.vtfixup [1] int32 fromunmanaged at VT_01  .method public static void Foo() {    .vtentry 1:1 // Entry 1, slot 1     }  .data VT_01 = int32(0) // The slot will be filled automatically. 

The export table group consists of five tables:

  • The Export Address table (EAT), containing the RVA of the exported unmanaged functions

  • The Export Name table (ENT), containing the names of the exported functions

  • The Name Pointer table (NPT) and the Ordinal table (OT), together forming a lookup table that rearranges the exported functions in lexical order of their names

  • The Export Directory table, containing the location and size information about the other four tables

Location and size information concerning the Export Directory table itself resides in the first of 16 data directories in the PE header. The structure of the export table group is shown in Figure 15-2.

Figure 15-2 The structure of the export table group.

In an unmanaged PE file, the EAT contains the RVA of the exported unmanaged methods. In a managed PE file, the picture is more complicated. The EAT cannot contain the RVA of the managed methods because it’s not the managed methods that are exported—rather, it’s their marshaling thunks, generated at run time.

The only way to address a yet-to-be-created thunk is to define a slot in a v-table entry for the exported managed method and a VTableFixup descriptor for this entry, carrying the fromunmanaged flag. In this case, the contents of the v-table slot (a token of the exported method) are replaced at run time with the address of the marshaling thunk. (If the fromunmanaged flag is not specified, the thunk is not created, and the method token is replaced with this method’s address; but this is outside the scenario being discussed.)

For each exported method, the ILAsm compiler creates a tiny native stub—yes, you’ve caught me: the ILAsm compiler does produce embedded native code after all—consisting of the x86 command jump indirect (0x25FF) followed by the RVA of the v-table slot allocated for the exported method. The EAT contains the RVA of these tiny stubs.

The tiny stubs are necessary because the EAT must contain solid addresses of the exported methods as soon as the operating system loads the PE file. Otherwise, the unmanaged client won’t be able to match the entries of its Import Address table (IAT) to the entries of the managed module’s EAT. The addresses of the methods or their thunks don’t exist at the moment the file is loaded. But the tiny stubs exist and have solid addresses. It’s true that at that moment they cannot perform any meaningful jumps, because the v-table slots they are referencing contain method tokens instead of addresses. But by the time the stubs are called, the methods and thunks will have been generated and the v-table slots will be fixed up, the method tokens replaced with thunk addresses.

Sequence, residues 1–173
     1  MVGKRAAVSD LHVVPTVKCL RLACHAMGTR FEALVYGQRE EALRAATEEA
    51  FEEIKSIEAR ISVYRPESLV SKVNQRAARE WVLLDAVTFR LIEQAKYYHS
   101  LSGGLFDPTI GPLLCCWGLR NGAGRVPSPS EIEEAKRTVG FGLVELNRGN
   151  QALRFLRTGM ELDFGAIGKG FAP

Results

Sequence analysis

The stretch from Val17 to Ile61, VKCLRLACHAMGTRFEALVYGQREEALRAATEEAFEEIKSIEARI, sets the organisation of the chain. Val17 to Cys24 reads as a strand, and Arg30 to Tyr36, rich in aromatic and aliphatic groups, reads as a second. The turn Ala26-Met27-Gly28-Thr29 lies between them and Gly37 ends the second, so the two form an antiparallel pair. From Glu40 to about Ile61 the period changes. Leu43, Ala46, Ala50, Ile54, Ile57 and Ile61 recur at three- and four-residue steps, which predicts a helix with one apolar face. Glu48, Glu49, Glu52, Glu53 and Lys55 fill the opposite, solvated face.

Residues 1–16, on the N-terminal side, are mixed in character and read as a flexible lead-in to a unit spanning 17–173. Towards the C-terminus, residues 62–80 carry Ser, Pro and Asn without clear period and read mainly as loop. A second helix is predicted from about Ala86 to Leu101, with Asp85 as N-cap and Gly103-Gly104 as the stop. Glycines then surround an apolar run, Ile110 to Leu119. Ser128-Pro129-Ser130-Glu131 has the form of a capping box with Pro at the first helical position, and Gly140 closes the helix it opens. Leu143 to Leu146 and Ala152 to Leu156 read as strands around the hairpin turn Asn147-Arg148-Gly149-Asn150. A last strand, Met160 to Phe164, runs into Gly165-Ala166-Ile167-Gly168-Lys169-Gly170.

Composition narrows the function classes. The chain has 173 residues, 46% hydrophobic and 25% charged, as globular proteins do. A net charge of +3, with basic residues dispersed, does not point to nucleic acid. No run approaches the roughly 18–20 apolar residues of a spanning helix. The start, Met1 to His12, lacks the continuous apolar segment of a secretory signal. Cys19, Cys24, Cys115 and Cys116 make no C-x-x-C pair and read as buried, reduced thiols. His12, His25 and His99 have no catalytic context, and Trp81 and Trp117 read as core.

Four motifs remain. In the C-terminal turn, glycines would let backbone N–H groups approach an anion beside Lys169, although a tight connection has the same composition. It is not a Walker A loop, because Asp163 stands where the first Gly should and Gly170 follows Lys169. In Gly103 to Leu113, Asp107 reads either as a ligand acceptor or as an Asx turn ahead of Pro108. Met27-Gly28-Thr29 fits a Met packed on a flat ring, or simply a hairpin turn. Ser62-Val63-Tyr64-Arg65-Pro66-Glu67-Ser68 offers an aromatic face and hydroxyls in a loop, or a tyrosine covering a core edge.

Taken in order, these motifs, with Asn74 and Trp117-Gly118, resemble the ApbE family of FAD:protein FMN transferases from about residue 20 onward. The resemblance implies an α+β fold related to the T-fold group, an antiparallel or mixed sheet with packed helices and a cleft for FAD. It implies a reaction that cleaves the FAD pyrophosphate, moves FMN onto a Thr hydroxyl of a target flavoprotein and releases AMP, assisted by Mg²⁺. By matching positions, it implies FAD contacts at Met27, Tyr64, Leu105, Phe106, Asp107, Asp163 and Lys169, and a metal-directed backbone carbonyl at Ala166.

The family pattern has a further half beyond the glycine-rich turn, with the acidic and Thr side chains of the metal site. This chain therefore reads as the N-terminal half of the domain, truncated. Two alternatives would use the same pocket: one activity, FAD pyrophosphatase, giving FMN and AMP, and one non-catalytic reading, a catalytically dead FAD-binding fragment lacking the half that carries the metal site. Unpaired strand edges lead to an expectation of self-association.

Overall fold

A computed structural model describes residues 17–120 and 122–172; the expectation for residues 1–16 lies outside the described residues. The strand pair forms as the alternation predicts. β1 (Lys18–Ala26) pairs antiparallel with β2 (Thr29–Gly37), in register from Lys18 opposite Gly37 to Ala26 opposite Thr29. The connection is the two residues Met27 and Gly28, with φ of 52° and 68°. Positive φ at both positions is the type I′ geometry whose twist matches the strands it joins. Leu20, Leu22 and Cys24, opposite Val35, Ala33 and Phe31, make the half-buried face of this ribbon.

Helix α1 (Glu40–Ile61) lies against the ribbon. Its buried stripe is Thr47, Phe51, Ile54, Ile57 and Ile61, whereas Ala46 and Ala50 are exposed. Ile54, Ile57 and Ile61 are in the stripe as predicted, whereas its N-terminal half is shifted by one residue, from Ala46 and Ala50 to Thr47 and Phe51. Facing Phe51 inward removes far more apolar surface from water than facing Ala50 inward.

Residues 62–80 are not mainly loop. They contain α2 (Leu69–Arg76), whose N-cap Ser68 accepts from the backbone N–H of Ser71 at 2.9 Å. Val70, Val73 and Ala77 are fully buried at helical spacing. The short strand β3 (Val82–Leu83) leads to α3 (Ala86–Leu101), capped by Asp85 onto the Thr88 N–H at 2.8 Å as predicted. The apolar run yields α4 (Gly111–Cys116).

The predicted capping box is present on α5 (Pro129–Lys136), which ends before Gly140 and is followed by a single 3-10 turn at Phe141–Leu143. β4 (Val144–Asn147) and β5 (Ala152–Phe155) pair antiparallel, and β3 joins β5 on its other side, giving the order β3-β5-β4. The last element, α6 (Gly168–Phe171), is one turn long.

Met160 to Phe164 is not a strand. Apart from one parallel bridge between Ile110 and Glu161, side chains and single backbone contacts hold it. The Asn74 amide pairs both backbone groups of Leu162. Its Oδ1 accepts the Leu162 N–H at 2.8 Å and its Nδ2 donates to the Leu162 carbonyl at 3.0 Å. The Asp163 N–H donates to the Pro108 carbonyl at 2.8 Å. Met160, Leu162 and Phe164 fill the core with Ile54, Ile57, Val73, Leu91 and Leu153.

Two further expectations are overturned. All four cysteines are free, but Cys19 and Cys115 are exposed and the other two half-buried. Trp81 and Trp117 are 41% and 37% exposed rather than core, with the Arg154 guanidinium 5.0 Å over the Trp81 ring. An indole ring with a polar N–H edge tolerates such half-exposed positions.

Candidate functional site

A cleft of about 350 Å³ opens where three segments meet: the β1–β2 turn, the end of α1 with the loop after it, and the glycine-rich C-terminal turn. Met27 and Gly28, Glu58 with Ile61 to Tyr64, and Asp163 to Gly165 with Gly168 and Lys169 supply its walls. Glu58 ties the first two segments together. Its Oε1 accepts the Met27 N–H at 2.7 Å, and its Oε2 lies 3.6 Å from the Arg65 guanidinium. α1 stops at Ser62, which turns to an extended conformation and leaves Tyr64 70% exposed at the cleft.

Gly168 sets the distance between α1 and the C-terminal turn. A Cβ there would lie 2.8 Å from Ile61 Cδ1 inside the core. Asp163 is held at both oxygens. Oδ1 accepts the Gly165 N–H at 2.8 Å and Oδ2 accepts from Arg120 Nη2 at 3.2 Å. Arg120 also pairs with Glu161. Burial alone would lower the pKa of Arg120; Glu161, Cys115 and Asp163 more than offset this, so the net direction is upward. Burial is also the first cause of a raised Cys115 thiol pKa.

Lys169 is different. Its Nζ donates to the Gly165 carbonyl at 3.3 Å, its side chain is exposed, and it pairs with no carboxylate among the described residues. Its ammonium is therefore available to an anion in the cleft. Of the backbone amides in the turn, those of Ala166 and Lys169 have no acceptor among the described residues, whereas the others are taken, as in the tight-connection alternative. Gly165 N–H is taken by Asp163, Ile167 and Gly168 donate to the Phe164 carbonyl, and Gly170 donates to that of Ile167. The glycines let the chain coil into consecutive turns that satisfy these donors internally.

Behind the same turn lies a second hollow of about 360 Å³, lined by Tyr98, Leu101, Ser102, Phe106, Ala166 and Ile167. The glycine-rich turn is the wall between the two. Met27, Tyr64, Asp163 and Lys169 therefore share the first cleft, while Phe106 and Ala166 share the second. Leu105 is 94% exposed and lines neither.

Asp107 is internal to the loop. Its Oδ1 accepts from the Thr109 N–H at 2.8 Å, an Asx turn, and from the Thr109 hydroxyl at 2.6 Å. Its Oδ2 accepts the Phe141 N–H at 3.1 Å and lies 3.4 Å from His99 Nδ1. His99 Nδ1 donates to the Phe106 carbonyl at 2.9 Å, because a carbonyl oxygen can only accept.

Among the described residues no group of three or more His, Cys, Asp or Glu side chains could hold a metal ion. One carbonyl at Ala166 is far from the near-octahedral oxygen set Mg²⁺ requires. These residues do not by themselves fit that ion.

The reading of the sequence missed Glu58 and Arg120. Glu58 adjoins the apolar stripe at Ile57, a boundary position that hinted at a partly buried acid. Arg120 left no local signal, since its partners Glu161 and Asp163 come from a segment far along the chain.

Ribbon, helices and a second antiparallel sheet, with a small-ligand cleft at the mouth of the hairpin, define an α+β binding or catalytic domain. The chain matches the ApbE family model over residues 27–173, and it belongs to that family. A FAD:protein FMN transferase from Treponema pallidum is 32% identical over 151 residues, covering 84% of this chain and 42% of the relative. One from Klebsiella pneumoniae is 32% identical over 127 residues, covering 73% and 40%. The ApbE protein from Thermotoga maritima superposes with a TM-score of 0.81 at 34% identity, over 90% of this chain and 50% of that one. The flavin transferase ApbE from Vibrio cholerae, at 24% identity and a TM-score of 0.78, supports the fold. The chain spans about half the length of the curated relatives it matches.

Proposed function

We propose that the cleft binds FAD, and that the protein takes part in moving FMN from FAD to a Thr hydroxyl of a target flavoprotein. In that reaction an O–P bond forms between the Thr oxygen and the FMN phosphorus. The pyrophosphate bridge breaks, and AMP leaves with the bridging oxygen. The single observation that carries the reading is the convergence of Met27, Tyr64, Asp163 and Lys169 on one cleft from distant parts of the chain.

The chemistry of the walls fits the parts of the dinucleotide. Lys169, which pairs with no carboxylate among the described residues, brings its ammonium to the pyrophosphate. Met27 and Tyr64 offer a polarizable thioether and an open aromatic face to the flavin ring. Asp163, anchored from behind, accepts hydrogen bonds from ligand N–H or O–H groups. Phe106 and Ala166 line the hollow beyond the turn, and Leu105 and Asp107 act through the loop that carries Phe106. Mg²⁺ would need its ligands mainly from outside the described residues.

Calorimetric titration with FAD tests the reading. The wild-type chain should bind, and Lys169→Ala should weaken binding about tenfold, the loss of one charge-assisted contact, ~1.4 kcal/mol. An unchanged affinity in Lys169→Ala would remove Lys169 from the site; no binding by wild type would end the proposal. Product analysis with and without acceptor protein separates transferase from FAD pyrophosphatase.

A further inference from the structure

The diagram shown in Figure 15-3 illustrates this scenario.

Figure 15-3 Indirect referencing of v-table entries from the EAT.

The unmanaged exports require that relocation fixups are executed at the module load time. When a program runs under the Microsoft Windows XP operating system, this requirement can create a problem similar to those encountered with thread local storage (TLS) data and data-on-data. As described in Chapter 3, if the common language runtime header flag COMIMAGE_FLAGS_ILONLY is set, the loader of Windows XP ignores the .reloc section, and the fixups are not executed. To avoid this, the ILAsm compiler automatically replaces the COMIMAGE_FLAGS_ILONLY flag with COM- IMAGE_FLAGS_32BITREQUIRED whenever the source code specifies TLS data or data-on-data. Unfortunately, the compiler neglects to do this automatically when unmanaged exports are specified in the source code, and it is thus necessary to explicitly set the runtime header flags using the directive .corflags 0x00000002.

The ILAsm syntax for declaring a method as an unmanaged export is very simple: